meters from the kites when flying pair/team to reduce the wear
on the lines. Is that common practice, or is the extra wear
from line <-> kite collisions negligible?

Quote:
> Many team flyers use really heavy line to minimize line lock
> caused by multiple twists and wraps by multiple kites...

Does it really help to use heavy line? As far as I can see, the
heavy line should have a larger surface of contact than the
thin line, and should therefore produce more frictional
resistance. Are there other effects involved here?

See You on FAN0,

Rolf V. Oestergaard                                 --------------
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                                              -------------- \/
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To sleeve or not to sleeve...

Post by Marty Sasa » Wed, 15 Jun 1994 22:07:29


Quote:
>Bert Tanaka,
>> Most of the lines I have broken have been nicked and damaged
>> by early attempts at learning how to fly team and pairs.
>> Hit by kites.

>In the "Stunkites to make and fly" book, I think the authors
>suggest using sleeves or stronger lines for the first couple of
>meters from the kites when flying pair/team to reduce the wear
>on the lines. Is that common practice, or is the extra wear
>from line <-> kite collisions negligible?

Especially with light line, using stronger line near the kite is a
good idea. Sometimes, Kevlar is spliced into the first few meters of
line. Sometimes kite to line collisions break flying line. By using
heavy line or Kevlar, these collisions don't break lines.

With heavier line, Kevlar isn't necessary. Storm Front has experienced
many line/kite collisions (too many) without noticeable wear on the
300 pount line that we often use.

Quote:
>> Many team flyers use really heavy line to minimize line lock
>> caused by multiple twists and wraps by multiple kites...

>Does it really help to use heavy line? As far as I can see, the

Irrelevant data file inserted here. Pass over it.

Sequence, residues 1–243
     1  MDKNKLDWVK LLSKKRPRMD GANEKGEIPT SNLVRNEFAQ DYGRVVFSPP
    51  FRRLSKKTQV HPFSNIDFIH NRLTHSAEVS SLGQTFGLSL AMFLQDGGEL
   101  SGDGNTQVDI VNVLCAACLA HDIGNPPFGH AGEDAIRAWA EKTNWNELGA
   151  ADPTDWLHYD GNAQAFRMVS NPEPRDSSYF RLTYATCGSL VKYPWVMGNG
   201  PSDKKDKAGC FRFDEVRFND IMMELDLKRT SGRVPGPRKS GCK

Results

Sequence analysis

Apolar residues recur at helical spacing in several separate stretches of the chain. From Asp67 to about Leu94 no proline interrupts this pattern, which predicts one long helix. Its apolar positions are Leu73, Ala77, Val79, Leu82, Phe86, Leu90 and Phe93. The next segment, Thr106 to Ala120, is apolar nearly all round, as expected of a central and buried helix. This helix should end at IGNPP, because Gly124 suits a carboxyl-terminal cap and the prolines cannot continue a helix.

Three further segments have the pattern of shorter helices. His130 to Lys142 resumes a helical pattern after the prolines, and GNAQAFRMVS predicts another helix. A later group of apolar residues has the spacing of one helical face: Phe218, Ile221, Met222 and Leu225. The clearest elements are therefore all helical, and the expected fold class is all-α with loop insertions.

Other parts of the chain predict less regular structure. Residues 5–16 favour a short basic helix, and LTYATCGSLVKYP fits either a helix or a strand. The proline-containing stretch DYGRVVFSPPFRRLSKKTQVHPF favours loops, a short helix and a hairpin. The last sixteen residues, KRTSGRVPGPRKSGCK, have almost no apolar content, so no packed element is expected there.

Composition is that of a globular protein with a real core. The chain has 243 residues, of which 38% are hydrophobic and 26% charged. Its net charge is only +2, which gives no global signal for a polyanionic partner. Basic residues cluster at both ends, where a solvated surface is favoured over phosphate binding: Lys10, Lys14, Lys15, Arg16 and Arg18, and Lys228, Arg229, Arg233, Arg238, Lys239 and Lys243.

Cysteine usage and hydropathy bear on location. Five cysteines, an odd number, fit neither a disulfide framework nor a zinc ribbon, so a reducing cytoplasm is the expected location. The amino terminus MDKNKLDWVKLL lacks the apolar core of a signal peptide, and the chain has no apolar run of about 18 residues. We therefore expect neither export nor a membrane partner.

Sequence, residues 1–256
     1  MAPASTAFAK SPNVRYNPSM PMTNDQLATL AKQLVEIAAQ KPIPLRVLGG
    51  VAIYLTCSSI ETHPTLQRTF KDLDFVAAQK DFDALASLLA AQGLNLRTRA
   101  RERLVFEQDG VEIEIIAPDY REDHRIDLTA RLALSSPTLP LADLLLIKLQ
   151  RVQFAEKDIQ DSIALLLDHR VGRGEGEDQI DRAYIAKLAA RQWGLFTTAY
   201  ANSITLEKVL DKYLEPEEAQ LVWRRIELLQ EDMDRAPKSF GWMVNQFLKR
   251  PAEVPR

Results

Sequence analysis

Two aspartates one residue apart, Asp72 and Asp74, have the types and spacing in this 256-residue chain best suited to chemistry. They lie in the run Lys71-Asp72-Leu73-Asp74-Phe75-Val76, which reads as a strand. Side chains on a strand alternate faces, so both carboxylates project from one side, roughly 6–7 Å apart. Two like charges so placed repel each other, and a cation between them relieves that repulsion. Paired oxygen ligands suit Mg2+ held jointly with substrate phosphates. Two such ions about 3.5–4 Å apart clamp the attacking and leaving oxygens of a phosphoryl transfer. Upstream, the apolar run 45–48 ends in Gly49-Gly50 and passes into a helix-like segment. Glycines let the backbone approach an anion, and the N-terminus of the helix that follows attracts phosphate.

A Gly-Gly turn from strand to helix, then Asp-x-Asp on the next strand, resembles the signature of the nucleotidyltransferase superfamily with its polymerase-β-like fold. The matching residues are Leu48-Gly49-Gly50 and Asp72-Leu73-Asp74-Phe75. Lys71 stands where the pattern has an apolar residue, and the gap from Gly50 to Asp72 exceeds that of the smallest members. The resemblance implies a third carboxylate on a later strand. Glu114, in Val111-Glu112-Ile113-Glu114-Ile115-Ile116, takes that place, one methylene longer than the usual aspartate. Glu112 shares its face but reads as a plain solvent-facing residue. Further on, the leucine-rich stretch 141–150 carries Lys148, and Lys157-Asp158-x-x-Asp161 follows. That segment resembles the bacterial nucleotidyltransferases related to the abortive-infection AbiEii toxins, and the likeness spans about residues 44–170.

>heavy line should have a larger surface of contact than the
>thin line, and should therefore produce more frictional
>resistance. Are there other effects involved here?

I don't know why it works, but it seems that heavy lines are better
with minimizing line lock in multi-kite wraps.

--
Marty Sasaki            Harvard University           Sasaki Kite Fabrications

617-496-4320            10 Ware Street               Jamaica Plain, MA 02130
                        Cambridge, MA 02138-4002     phone/fax: 617-522-8546

 
 
 

To sleeve or not to sleeve...

Post by Andrew Beatt » Thu, 16 Jun 1994 05:29:04

Quote:

>Especially with light line, using stronger line near the kite is a
>good idea. Sometimes, Kevlar is spliced into the first few meters of
>line. Sometimes kite to line collisions break flying line. By using
>heavy line or Kevlar, these collisions don't break lines.

This may be appropriate even for teams that are so good that they
never collide.  I understand that the wear of Dacron leading edge
against Spectra during re-fueling manoevers can be enough to make
it worth considering on light lines.

Andrew
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To sleeve or not to sleeve...

Post by Computer » Sat, 18 Jun 1994 16:44:02

I would think that the heavier / thicker line resists knoting when
muliple kites are wrapped because the thickness keeps knots to the
minimum.  One line can't get as tight a wrap as a thinner line.


Go fly a kite....